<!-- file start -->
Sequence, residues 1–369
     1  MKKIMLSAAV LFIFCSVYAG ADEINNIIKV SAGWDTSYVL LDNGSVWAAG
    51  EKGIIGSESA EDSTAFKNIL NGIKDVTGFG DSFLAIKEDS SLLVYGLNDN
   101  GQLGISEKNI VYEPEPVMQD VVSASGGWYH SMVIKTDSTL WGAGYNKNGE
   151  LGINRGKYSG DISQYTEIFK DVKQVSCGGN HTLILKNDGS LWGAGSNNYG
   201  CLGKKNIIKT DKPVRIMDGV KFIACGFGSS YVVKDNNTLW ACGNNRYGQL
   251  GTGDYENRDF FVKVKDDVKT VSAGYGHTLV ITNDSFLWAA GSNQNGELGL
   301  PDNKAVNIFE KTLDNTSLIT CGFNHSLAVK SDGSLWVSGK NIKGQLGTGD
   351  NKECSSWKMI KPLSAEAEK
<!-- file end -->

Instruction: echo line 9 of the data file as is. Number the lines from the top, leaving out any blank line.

   351  NKECSSWKMI KPLSAEAEK